Frank Thomas

How Pat Dye helped push Frank Thomas toward a Hall of Fame baseball career

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Long before Frank Thomas hit 521 home runs and was voted into the National Baseball Hall of Fame, he was a tight end at Auburn under longtime Tigers coach Pat Dye.

Thomas played one year under Dye, catching three passes for 45 yards in 1986 for the 10-2 Tigers. He signed up to play baseball at Auburn, too, and was a freshman All-American on the diamond the following spring. It was around then Dye came to him with a hard truth.

“When I got to Auburn, I saw how deep the program was,” Thomas told reporters in a press conference in Chicago on Wednesday. “Every position was four deep … Coach Dye told me at the time, you might want to start thinking about baseball. He told me that baseball could be my future. We have three guys right there with you, same talent and same spring. You have a special talent here in baseball and you might want to start thinking about that. He was right.”

Thomas went on to be a first-round pick of the White Sox in 1989 and, according to Baseball-Reference.com, earned over $100 million in his 19-year career. And while he probably would’ve figured it baseball was his sport for himself, Dye at least helped push him in that direction early on.

Safe to say, he made the right choice. Even if baseball wasn’t his preferred sport.

“Football was my game,” Thomas said. “… But I could play baseball and I could play baseball at a high level, but I grew up down south and people didn’t care about baseball. It wasn’t the cool sport back then. But I had an out.”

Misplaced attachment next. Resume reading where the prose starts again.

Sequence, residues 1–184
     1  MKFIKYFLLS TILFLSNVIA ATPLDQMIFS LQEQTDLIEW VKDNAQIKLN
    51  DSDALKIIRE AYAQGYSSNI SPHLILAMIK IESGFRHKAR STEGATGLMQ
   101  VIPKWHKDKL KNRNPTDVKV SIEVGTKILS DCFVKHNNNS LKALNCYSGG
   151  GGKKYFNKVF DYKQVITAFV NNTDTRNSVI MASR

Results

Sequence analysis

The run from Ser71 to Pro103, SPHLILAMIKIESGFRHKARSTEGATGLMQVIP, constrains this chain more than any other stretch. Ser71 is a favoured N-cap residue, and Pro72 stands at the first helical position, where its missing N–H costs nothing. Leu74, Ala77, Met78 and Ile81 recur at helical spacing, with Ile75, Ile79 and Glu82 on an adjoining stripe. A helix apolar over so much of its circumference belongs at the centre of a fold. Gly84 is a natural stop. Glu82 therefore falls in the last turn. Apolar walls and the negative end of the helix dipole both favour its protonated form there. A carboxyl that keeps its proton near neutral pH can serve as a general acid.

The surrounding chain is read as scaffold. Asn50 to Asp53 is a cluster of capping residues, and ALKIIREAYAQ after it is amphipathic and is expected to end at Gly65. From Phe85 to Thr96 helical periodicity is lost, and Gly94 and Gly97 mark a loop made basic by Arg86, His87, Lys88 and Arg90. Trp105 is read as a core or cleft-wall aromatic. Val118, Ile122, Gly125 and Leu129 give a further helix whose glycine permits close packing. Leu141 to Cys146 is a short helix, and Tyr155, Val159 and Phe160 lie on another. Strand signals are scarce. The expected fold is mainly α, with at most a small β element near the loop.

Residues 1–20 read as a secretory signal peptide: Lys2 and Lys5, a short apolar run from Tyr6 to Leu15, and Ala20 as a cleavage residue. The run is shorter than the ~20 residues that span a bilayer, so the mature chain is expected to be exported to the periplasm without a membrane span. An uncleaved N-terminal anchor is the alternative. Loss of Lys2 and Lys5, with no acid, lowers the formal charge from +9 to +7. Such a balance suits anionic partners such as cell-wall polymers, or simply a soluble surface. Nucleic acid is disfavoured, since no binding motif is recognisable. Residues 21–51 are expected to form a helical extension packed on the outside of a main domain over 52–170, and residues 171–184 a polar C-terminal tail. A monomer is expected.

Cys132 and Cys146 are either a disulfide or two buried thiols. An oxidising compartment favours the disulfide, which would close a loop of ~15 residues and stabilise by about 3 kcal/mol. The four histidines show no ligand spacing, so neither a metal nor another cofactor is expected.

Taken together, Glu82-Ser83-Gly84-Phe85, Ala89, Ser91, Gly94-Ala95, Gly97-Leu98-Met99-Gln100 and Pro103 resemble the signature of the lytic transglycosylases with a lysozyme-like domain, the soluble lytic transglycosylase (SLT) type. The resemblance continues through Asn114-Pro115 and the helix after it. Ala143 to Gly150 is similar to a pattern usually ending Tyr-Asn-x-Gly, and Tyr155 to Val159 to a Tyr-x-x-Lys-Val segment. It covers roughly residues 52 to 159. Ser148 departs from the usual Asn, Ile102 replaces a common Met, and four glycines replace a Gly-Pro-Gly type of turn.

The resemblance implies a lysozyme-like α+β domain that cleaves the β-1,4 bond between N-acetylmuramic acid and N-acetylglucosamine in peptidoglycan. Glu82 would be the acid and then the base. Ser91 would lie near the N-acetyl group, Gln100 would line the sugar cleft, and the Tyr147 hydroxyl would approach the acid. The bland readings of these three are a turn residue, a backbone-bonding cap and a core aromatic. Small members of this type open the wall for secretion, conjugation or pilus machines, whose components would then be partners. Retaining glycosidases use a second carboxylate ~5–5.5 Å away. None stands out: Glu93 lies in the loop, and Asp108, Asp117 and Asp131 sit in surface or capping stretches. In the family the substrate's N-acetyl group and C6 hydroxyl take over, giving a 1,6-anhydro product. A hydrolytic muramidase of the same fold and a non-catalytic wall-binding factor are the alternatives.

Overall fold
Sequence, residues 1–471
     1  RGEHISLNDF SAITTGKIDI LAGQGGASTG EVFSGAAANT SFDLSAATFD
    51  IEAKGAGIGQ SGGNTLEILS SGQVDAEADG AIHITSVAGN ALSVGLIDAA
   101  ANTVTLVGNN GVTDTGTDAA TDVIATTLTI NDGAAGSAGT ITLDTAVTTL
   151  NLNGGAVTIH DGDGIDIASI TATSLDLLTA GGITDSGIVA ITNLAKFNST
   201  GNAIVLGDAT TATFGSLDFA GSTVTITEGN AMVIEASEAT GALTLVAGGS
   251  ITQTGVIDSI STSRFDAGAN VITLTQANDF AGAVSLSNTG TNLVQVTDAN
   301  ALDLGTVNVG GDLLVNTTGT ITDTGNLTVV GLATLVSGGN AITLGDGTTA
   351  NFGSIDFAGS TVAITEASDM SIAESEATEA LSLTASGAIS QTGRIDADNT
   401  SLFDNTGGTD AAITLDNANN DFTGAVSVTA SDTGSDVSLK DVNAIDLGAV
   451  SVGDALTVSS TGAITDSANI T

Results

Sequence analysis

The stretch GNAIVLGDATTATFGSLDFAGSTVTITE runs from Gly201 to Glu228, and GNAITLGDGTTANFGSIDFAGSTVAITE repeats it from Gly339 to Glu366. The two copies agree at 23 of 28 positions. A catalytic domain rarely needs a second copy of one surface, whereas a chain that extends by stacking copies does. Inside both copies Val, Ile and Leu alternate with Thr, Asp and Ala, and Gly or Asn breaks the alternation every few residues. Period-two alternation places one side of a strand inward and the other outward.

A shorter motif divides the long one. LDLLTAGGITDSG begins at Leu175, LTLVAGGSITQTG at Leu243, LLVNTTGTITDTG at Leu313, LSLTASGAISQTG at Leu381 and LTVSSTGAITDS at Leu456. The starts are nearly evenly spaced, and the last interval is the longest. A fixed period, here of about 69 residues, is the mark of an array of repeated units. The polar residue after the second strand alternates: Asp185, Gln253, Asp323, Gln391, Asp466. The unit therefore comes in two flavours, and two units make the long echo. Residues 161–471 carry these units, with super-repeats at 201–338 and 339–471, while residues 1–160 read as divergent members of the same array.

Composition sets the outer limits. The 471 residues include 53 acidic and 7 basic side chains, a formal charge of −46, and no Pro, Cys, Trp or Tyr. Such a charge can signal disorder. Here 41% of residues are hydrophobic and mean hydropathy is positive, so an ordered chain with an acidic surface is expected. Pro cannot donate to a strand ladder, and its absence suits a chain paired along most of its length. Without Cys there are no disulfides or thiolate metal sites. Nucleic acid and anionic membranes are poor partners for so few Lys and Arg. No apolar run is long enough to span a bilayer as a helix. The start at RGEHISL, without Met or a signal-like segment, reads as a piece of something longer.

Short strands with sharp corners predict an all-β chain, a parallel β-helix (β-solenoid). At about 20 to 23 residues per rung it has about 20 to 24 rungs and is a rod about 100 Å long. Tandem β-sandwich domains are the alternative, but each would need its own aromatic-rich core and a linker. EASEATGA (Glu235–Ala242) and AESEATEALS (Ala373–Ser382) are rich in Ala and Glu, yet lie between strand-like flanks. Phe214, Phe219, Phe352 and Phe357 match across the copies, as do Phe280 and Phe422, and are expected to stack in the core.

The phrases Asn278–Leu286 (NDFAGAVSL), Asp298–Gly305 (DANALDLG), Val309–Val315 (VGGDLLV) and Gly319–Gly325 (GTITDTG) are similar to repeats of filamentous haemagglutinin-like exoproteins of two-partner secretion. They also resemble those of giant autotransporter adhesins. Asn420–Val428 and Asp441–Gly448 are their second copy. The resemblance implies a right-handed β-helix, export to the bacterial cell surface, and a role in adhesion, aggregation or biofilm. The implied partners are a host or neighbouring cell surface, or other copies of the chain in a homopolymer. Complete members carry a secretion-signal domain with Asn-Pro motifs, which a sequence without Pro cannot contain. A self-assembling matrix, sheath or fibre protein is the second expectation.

Ex-LSU, Rutgers QB moves on to FCS school

PISCATAWAY, NJ - SEPTEMBER 26: Hayden Rettig #11 of the Rutgers Scarlet Knights looks on before a game against the Kansas Jayhawks at High Point Solutions Stadium on September 26, 2015 in Piscataway, New Jersey.  (Photo by Alex Goodlett/Getty Images)
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Maybe the third time, this time at a lower level, will be the charm?

In early December of last year, Hayden Rettig became one of three quarterbacks who had decided to leave Rutgers.  Nearly three months later, Rettig has found a new home, with the transferring signal-caller confirming to nj.com that he will continue his collegiate playing career at Tennessee Tech.

As he’s both a graduate transfer and a player dropping down a level, Rettig will be available to play immediately in 2017. This upcoming season will be his final year of eligibility.

“It’s a good fit,” Rettig told the website. “I think we can do a lot there. I love the coaches. I just wanted a place where I was needed, and Tennessee Tech was the place.”

Rettig, a four-star 2013 recruit, transferred from LSU to Rutgers in June of 2014.  After sitting out that season to satisfy NCAA transfer bylaws, Rettig played in five games (one start) the next two years; none of those appearances came in 2016.

He was named Academic All-Big Ten following the 2015 season.

UNLV goes Ivy in replacing RBs coach poached by North Carolina

LAS VEGAS, NV - NOVEMBER 12:  Members of UNLV Rebels marching band perform in the stands during UNLV's game against the Wyoming Cowboys at Sam Boyd Stadium on November 12, 2016 in Las Vegas, Nevada. UNLV won 69-66 in triple overtime.  (Photo by Ethan Miller/Getty Images)
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Raided by the ACC, UNLV has officially turned its eyes to the Ivy League for its coaching replacement.